• Nature “selects.” The idea of selects contains implicitly nested within it the idea of fitness. It is “fitness” that is “selected.” Fitness, roughly speaking, is the probability that a given organism will leave offspring (will propagate its genes through time). The “fit” in “fitness” is therefore the matching of organismal attribute to environmental demand.

  • Low serotonin means decreased confidence. Low serotonin means more response to stress and costlier physical preparedness for emergency. Low serotonin means less happiness, more pain and anxiety, more illness, and a shorter lifespan—among humans, just as among crustaceans.

  • The acts of life we repeat every day need to be automatized. They must be turned into stable and reliable habits, so they lose their complexity and gain predictability and simplicity.

  • Imagine a person who enjoys alcohol, perhaps a bit too much. He has a quick three or four drinks. His blood alcohol level spikes sharply. This can be extremely exhilarating, particularly for someone who has a genetic predisposition to alcoholism. But it only occurs while blood alcohol levels are actively rising, and that only continues if the drinker keeps drinking. When he stops, not only does his blood alcohol level plateau and then start to sink, but his body begins to produce a variety of toxins, as it metabolizes the ethanol already consumed. He also starts to experience alcohol withdrawal, as the anxiety systems that were suppressed during intoxication start to hyper-respond. A hangover is alcohol withdrawal (which quite frequently kills withdrawing alcoholics), and it starts all too soon after drinking ceases. To continue the warm glow, and stave off the unpleasant aftermath, the drinker may just continue to drink, until all the liquor in his house is consumed, the bars are closed and his money is spent. The next day, the drinker wakes up, badly hungover. So far, this is just unfortunate. The real trouble starts when he discovers that his hangover can be “cured” with a few more drinks the morning after. Such a cure is, of course, temporary. It merely pushes the withdrawal symptoms a bit further into the future. But that might be what is required, in the short term, if the misery is sufficiently acute. So now he has learned to drink to cure his hangover. When the medication causes the disease, a positive feedback loop has been established. Alcoholism can quickly emerge under such conditions.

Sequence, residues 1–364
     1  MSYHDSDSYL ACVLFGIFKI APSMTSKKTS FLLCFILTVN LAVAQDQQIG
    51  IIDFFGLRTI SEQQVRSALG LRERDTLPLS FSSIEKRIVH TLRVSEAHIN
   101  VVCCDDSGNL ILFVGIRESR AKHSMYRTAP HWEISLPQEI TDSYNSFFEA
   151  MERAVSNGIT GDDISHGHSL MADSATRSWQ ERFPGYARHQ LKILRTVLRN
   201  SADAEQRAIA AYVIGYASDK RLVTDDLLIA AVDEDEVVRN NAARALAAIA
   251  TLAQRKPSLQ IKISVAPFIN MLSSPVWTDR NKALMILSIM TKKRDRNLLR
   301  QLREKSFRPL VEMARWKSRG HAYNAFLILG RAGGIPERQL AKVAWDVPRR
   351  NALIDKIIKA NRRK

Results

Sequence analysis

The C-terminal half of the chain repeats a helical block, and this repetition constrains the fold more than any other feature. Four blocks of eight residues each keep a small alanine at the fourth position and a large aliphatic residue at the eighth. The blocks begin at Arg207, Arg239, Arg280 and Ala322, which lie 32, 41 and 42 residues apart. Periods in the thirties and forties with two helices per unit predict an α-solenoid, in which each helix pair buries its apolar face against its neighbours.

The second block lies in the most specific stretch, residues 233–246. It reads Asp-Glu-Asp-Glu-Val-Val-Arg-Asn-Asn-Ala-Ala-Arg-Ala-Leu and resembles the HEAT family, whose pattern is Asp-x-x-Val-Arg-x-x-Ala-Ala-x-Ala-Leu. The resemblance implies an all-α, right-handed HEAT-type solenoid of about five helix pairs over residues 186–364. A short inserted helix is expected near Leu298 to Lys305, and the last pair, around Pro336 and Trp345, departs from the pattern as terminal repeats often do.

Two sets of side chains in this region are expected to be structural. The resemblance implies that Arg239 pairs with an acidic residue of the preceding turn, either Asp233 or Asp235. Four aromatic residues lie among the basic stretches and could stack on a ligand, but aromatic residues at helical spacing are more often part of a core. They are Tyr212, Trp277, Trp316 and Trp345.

• There are many systems of interaction between brain, body and social world that can get caught in positive feedback loops. Depressed people, for example, can start feeling useless and burdensome, as well as grief-stricken and pained. This makes them withdraw from contact with friends and family. Then the withdrawal makes them more lonesome and isolated, and more likely to feel useless and burdensome. Then they withdraw more. In this manner, depression spirals and amplifies.

  • There is very little difference between the capacity for mayhem and destruction, integrated, and strength of character. This is one of the most difficult lessons of life.

  • If you slump around, with the same bearing that characterizes a defeated lobster, people will assign you a lower status, and the old counter that you share with crustaceans, sitting at the very base of your brain, will assign you a low dominance number. Then your brain will not produce as much serotonin. This will make you less happy, and more anxious and sad, and more likely to back down when you should stand up for yourself. It will also decrease the probability that you will get to live in a good neighbourhood, have access to the highest quality resources, and obtain a healthy, desirable mate. It will render you more likely to abuse cocaine and alcohol, as you live for the present in a world full of uncertain futures. It will increase your susceptibility to heart disease, cancer and dementia. All in all, it’s just not good.

  • Standing up physically also implies and invokes and demands standing up metaphysically. Standing up means voluntarily accepting the burden of Being. Your nervous system responds in an entirely different manner when you face the demands of life voluntarily. You respond to a challenge, instead of bracing for a catastrophe.